Cool feature alert! All outputs are hot at all times on the CinéWave BOB's. This is true for both HD and SD. In one pass, you can lay out an HD master and simultaneously lay out a letterboxed SD version in SDI, Component and Composite. In a day to day editing situation, this is a feature that really helps improve efficiency when it comes to mastering and making client copies. Nothing has to be patched, routed or whatever, the signals just come straight from the original source into the record device.

For sheer flexibility, you can't beat the Pro Digital and Analog BOB, it's the Swiss Army Knife of Analog and Digital I/O. SDI, Component, Composite, S-Video, Analog Audio, AES/EBU Audio, TDIF Audio, Unbalanced Audio all in the one BOB. Just plug in an HD BOB on Tether 2 and you're ready for whatever walks in the door. Here's a full detail from the Pinnacle website on what each BOB offers and remember, you can connect two of these at a time to your system.

Pro Analog:

  • Video - Analog Composite, Component, S-Video, Ref In (BNC)
  • Audio ­ Analog Unbalanced ­10 dB(RCA), Balanced +4 dB (XLR), Pro Digital (SDI)

Pro Digital (SDI):

  • Serial Digital interface (SMPTE 259M) resolution at 10-bits with embedded audio @ 20-bit/48khz.

Pro Digital Plus:

  • I/O for uncompressed standard definition SDI video
  • Supports up to 4 channels AES/EBU audio.
  • Supports monitoring of analog composite video and RCA unbalanced audio.

Pro Digital & Analog:

  • Video ­ Composite, Component, S-Video, Analog 10 bit, SDI
  • Audio ­ 4 in / 6 out analog Balanced Audio, 4 in / 4 out AES/EBU audio @ 20-bit/48 khz, 2 in / 2 out S-PDIF digital audio, 2 in / 2 out Unbalanced Audio, 8 in / 8 out TDIF digital audio, SDI embedded audio @ 20-bit/48 khz

Pro HD Digital (HD-SDI):

  • HD SDI with embedded audio @ 20-bit/48 khz.
  • Supports 1080i/30, 1080i/29.97, 1080p/24, true 1080p/23.98
  • Limited support for 720p.

Of course beyond all of these, you can also use the Firewire input on the back of the Mac for bringing in your DV, DVCAM, DV50, etc So essentially there's almost no limit to the amount of Video/Audio I/O with a CinéWave system.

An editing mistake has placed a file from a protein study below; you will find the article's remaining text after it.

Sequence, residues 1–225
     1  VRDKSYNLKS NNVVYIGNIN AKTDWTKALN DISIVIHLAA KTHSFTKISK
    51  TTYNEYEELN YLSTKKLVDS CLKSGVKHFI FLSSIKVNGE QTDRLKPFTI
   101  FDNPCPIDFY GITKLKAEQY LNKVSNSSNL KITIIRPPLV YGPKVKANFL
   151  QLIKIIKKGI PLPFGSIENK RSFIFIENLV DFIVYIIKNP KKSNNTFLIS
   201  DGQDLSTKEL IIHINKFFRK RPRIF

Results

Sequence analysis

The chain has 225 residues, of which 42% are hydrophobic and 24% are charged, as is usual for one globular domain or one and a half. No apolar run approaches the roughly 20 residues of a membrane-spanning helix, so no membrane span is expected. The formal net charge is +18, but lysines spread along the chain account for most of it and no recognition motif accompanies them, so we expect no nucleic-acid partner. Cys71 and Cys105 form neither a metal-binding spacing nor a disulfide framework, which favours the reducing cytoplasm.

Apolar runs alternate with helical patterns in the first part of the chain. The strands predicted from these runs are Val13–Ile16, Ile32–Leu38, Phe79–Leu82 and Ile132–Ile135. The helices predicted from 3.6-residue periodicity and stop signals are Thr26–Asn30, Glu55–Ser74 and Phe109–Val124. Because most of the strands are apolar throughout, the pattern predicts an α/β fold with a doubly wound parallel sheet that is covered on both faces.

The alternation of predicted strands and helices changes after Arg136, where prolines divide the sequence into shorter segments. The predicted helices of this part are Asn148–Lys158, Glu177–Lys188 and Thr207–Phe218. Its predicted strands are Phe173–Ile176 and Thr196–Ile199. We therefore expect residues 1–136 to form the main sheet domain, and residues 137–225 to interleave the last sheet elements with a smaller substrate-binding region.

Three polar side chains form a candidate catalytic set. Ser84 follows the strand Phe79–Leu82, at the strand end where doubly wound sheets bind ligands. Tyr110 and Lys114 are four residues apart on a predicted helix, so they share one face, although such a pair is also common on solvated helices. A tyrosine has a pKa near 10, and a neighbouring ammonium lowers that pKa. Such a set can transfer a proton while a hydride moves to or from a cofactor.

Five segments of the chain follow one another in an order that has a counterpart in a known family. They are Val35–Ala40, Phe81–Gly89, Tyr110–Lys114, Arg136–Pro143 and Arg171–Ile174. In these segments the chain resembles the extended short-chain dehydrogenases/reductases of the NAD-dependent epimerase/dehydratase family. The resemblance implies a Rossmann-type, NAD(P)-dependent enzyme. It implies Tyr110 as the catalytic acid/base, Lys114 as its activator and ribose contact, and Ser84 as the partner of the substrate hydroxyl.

Can't we all just get along?

With Final Cut Pro 3 and CinéWave 3, we essentially had two editing systems. For DV editing, CinéWave was basically ignored and FCP handled all the work. Only by capturing and editing with TARGA codecs could we take advantage of CinéWave. Well Apple and Pinnacle seemed to have "found the love" because CinéWave can handle as much of the workload as you desire.

Photo-JPEG, DV, 8bit, 10bit, 16bit uncompressed can all co-exist in the same timeline with no rendering. Offline, online, whatever, it all plays together and it really works. Pinnacle has even incorporated the Apple codecs through the CinéWave hardware so we can now capture to DV and Photo-JPEG codecs through the BOB's. What does this mean? Well it really opens up a much more efficient workflow for just about any type of editing situation.

You don't have to juggle timelines and codecs depending on what type of footage you have. Let's see, we'll make a DV timeline and cut all that material together, then we'll just move that timeline into the YUV-16 timeline and just render the DV footage once. Nope, just plop the DV footage into a TARGA timeline and away you go.

Let's take a look at a typical "old way" of working with CinéWave 3. CineOffline was not exactly the best offline codec in the world, so many of us took to using the DV codec as our offline codec of choice. It's very clean and the file sizes are very small. So I would typically take my S-Video out of the Beta Deck and run it through my DSR-11 so it would be converted to Firewire. Then I needed to hook up my video monitor to the DSR-11 so we could view the offline edit. When the offline was completed, I would recapture all the footage using the Targa YUV or YUV 16 footage via SDI. Then switch my video monitor back to Component to view my final edit.

Here's the "new way" of doing things with CinéWave 4. Leave my beta deck hooked up via SDI in on the Pro D&A BOB, set my Capture Settings to TARGA Cine NTSC YUV to DV and voila. I'm now capturing DV files via the CinéWave BOB. Set up a Targa YUV Sequence and edit with that DV footage in the timeline and all of this is output to my monitor via Component from the CinéWave BOB. Then just recapture into TARGA YUV or YUV 16 for my final.